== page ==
In mid-July, AstraZeneca (AZN -0.25%) completed its $39 billion acquisition of Alexion Pharmaceuticals. And this week, that purchase likely became a little more valuable thanks to a recommendation from the European Medicines Agency's Committee for Medicinal Products for Human Use.

The committee has recommended that the European Union's health regulator expand its approval of blockbuster drug Ultomiris to include the treatment of paroxysmal nocturnal hemoglobinuria (PNH) in children and adolescents. The U.S. FDA approved a similar label expansion in June. While the actual approval hasn't happened yet, this is exciting news.

A doctor and a patient meet for an appointment.

Image Source: Getty Images.

Ultomiris already had significant momentum

Ultomiris is used to treat PNH and atypical hemolytic uremic syndrome (aHUS) -- both of which are extremely rare, debilitating, and potentially life-threatening blood diseases. Alexion reported $347 million in net revenue from sales of Ultomiris during the first quarter. That represented 10.5% sequential growth from its $314 million in sales in Q4 2020, and 55.6% year-over-year growth from its $223 million in Q1 2020 sales.

The treatment won its first approval from the FDA for use in adult PNH patients in December 2018; by 2020, its annual sales had hit $1.08 billion, officially making it a blockbuster drug.

This impressive statistic speaks to the drug's potential, and in fact, its already respectable first-year sales of $339 million for 2019 had essentially tripled by 2020 to the aforementioned $1.08 billion figure. Put another way, Ultomiris was responsible for just over two-thirds or 68% of Alexion Pharmaceuticals' sales growth, from $4.99 billion in 2019 to $6.07 billion in 2020.

Last month's U.S. label expansion -- and the likely soon-to-arrive expansion in Europe -- should give a noticeable boost to AstraZeneca. Approximately 10% of the estimated 5,000 patients with PNH in the U.S. are under 18, per MedScape. That translates into potentially hundreds of additional patients who could be treated with the drug at an estimated average annual price of $458,000 each.

Given that it's the only approved treatment for patients in the under-18 demographic, Ultomiris should capture a large fraction of that market.

Meanwhile, the European Medicines Agency estimates there are 4,000 PNH patients in the EU. Assuming that 10% of them are under 18, the anticipated label expansion there should translate into several hundred more patients in that market for Ultomiris.

Even with price negotiations from various entities such as governments and health insurers to reduce the average annual price, those sales should add several hundred million dollars to AstraZeneca's top line by next year -- a respectable boost to the company's revenues, which in 2020 totaled $26.6 billion.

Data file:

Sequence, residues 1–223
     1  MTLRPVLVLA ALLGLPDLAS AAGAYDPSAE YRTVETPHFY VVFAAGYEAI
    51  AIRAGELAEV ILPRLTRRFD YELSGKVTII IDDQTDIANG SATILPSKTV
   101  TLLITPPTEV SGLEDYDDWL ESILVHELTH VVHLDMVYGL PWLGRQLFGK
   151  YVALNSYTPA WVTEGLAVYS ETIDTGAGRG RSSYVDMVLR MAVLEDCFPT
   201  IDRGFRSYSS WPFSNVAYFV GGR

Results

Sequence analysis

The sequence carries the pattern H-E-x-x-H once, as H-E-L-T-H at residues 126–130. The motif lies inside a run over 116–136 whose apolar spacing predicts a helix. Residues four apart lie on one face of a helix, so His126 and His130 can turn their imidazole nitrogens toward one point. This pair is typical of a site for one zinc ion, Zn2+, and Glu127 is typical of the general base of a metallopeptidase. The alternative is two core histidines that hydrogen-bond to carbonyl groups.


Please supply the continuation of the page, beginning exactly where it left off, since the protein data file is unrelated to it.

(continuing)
Although Ultomiris will cannibalize sales of its more expensive peer Soliris (which has an average annual price of $500,000 per patient) as PNH and aHUS patients make the switch for cost savings and to reduce the frequency of treatment from every two weeks to every eight weeks, it doesn't appear as though this is having a particularly negative impact on Soliris yet. The drug's sales still managed to edge 0.5% higher year over year, from $1.02 billion in Q1 2020 to $1.03 billion in Q1 2021.

Alexion's focus on increasing its neurology patient volume to 7,500 by 2025 is going well, as the company's patient count surged from 2,152 patients in Q1 2020 to 2,640 patients in Q1 2021, despite COVID-19 having reduced office visits over the past year.

Alexion has a number of indications for Ultomiris in late-stage clinical trials, including one for myasthenia gravis or gMG (with a target population of 20,000 in the U.S.), one for amyotrophic lateral sclerosis, or ALS (with a target population of 15,000 in the U.S.), and one for neuromyelitis optica spectrum disorders, or NMOSD (with a target population of 4,500 in the U.S.).

These are just three of the 10 launches that Alexion is expecting by 2023, which Alexion anticipates will help the company's standalone revenue advance from $6 billion in 2020 to $9 billion to $10 billion by 2025.

It's early, but AstraZeneca's acquisition appears to be paying off

Although it will take a few years to determine whether AstraZeneca's acquisition of Alexion Pharmaceuticals was a smart move, the early signs are encouraging.

Based on the previous sales trends, and factoring in both the approved label expansion for Ultomiris in the U.S. and the assumption that the EMA will follow its committee's recommendation to do the same in the EU, I would forecast that Ultomiris' annual sales will top $2 billion as soon as next year.

Even if this forecast falls short, Ultomiris has a number of promising potential orphan drug indications in the pipeline that it anticipates will be approved by 2023. These potential indications are the pathway for Ultomiris to establish itself as not just a blockbuster drug, but a blockbuster drug several times over.